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Malaysia : Useful information
does not have the grand, ancient ruins of neighbouring Thailand, but its rich cultural heritage is apparent, both in its traditional kampung (village) areas and in its commitment to religious plurality. The dominant cultural force has undoubtedly been Islam, but the country's diverse population of indigenous Malays, Chinese and Indians has spawned a fabulous juxtaposition of mosques, temples and churches, a panoply of festivals and a wonderful mixture of cuisines. In addition, Malaysia boasts fine beaches, as well as some of the world's oldest tropical rainforest and most spectacular cave systems.
Your first impressions of Malaysia's hi-tech, fast-growing west-coast capital,
(KL), are likely to be of a vibrant and colourful, if crowded, place. Traditionally, people have stayed just long enough to think about their next destination, but there are good reasons to stay a little longer: accommodation is plentiful and cheap, the food is excellent and its streets safe and friendly. Less than three hours' journey south lies the birthplace of Malay civilization,
, a must on anybody's itinerary, while north up the coast is the first British settlement, the island of
, and its very appealing capital, Georgetown. For a taste of Old England and lots of walks, head for the hill station of the
North of Penang, the premier tourist destination is
, a popular duty-free island. Routes down the Peninsula's east coast are more relaxing, with stops at the sleepy mainland kampung like Cherating and the stunning islands of Pulau Perhentian and Pulau Tioman. The state capitals of
, near the northeastern Thai border, and
, further south, are showcases for the best of Malay crafts and performing arts, while the unsullied tropical rainforests of
Taman Negara National Park
offer trails, animal hides, a high canopy walkway and waterfalls.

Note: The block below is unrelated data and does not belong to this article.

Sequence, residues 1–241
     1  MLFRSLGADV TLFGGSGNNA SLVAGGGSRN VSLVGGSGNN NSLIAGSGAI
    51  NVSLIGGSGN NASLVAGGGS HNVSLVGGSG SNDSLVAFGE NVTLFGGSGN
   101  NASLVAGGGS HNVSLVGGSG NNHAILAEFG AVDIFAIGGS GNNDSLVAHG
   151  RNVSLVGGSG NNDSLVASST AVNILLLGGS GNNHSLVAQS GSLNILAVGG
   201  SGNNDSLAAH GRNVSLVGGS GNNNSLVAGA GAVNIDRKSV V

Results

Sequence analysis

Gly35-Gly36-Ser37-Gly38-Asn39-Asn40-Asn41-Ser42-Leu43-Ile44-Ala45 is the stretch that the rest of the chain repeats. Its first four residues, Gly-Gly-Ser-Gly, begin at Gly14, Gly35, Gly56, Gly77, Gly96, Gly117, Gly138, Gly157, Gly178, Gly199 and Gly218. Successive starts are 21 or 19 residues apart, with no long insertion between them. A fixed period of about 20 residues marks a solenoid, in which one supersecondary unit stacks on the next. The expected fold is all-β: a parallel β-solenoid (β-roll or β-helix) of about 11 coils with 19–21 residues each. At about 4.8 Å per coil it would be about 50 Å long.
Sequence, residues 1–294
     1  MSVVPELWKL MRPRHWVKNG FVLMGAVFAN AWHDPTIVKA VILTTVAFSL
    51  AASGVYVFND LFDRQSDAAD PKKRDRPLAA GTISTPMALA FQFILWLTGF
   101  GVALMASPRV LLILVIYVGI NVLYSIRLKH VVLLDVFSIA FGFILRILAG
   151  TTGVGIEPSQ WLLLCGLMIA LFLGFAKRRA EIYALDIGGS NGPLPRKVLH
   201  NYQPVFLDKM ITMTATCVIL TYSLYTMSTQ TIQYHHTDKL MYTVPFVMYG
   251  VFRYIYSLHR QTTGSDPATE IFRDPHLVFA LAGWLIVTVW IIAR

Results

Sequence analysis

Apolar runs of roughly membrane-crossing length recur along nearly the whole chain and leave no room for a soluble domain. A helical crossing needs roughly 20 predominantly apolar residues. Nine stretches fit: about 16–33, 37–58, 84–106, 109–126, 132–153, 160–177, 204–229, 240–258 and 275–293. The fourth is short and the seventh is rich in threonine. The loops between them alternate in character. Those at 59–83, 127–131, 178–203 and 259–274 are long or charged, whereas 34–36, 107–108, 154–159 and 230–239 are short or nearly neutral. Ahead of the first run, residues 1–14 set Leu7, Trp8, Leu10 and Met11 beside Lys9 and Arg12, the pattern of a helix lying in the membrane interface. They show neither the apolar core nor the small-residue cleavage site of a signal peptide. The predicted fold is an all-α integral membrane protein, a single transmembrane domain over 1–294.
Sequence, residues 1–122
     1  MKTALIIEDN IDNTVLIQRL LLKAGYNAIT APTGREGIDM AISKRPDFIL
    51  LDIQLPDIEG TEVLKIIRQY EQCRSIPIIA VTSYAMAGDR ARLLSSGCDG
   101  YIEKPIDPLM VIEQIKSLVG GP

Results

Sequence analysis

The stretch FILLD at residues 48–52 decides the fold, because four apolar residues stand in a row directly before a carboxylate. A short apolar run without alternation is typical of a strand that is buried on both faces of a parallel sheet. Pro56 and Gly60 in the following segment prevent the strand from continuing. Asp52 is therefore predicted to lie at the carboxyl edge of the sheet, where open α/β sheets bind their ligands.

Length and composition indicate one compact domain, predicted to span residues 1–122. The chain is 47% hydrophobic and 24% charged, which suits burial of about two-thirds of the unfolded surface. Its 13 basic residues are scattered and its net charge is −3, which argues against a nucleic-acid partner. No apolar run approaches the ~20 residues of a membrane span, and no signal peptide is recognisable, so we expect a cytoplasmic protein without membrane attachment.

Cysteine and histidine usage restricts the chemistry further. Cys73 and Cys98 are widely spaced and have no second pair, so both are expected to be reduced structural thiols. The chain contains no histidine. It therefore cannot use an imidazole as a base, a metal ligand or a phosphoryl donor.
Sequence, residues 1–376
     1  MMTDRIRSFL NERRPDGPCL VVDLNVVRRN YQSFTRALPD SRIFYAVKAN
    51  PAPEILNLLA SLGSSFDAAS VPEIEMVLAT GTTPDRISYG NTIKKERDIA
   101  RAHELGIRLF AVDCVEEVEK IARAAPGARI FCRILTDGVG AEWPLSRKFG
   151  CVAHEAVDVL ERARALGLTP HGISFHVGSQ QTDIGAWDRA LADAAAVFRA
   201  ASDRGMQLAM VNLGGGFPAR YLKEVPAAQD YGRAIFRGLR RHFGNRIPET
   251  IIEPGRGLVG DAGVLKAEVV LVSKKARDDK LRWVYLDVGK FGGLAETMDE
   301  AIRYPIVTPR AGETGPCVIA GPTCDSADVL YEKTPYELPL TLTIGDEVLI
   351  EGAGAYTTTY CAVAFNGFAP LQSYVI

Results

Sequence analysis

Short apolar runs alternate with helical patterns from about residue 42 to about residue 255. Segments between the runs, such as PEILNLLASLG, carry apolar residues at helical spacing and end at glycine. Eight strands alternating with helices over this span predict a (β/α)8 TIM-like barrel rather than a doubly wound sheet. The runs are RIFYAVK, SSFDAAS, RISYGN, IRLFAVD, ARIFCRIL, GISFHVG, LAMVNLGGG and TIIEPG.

Across the sea from the Peninsula are the Bornean states of
. For most travellers, their first taste of Sarawak is Kuching, the old colonial capital, and then the Iban longhouses of the Batang Ai and Batang Lupar river systems, or the Bidayuh communities closer to the Kalimantan border. The best time to visit is in late May-early June when the Iban and the Bidayuh celebrate their harvest festivals with ribald parties to which everyone is invited. Sibu, much further to the north, is another starting point for more visits to other Iban longhouses and the idyllic Pelagus Rapids region. In the north of the state,
Gunung Mulu National Park
is the principal destination, its extraordinary razor-sharp limestone needles providing demanding climbing and its deep, cathedral-shaped caves awe-inspiring.
The main reason for a trip to Sabah is to conquer the 4101-metre granite peak of
, though the lively modern capital
and its offshore islands have their moments, too. Beyond this, Sabah is worth a visit for its wildlife, including turtles, orang-utans, proboscis monkeys and hornbills, while oceanic
has a host of sharks, fish and turtles, as well as one of the world's top coral reef dives.
in Malaysia constantly hover around 30°C (22°C in highland areas), and humidity is high all year round. The major distinction in the seasons is marked by the arrival of the monsoon, which brings heavy and prolonged downpours to the east coast of Peninsular Malaysia, the northeastern part of Sabah, and the western end of Sarawak from November to February; boats to most of the islands do not run during the height of the monsoon. The Peninsula's west coast experiences fewer major thunderstorms during the months of April and May. The ideal time to visit is between April and October, avoiding the worst of the rains.
More Malaysia travel guides (each guide contains specific sub-sections):
Information and maps
Diving and trekking
Religions of Malaysia
Peoples of Malaysia
Entry requirements and visa extension
Money and costs
Crime and safety
Medical care and emergencies
Food and drink
Overland and sea routes into Malaysia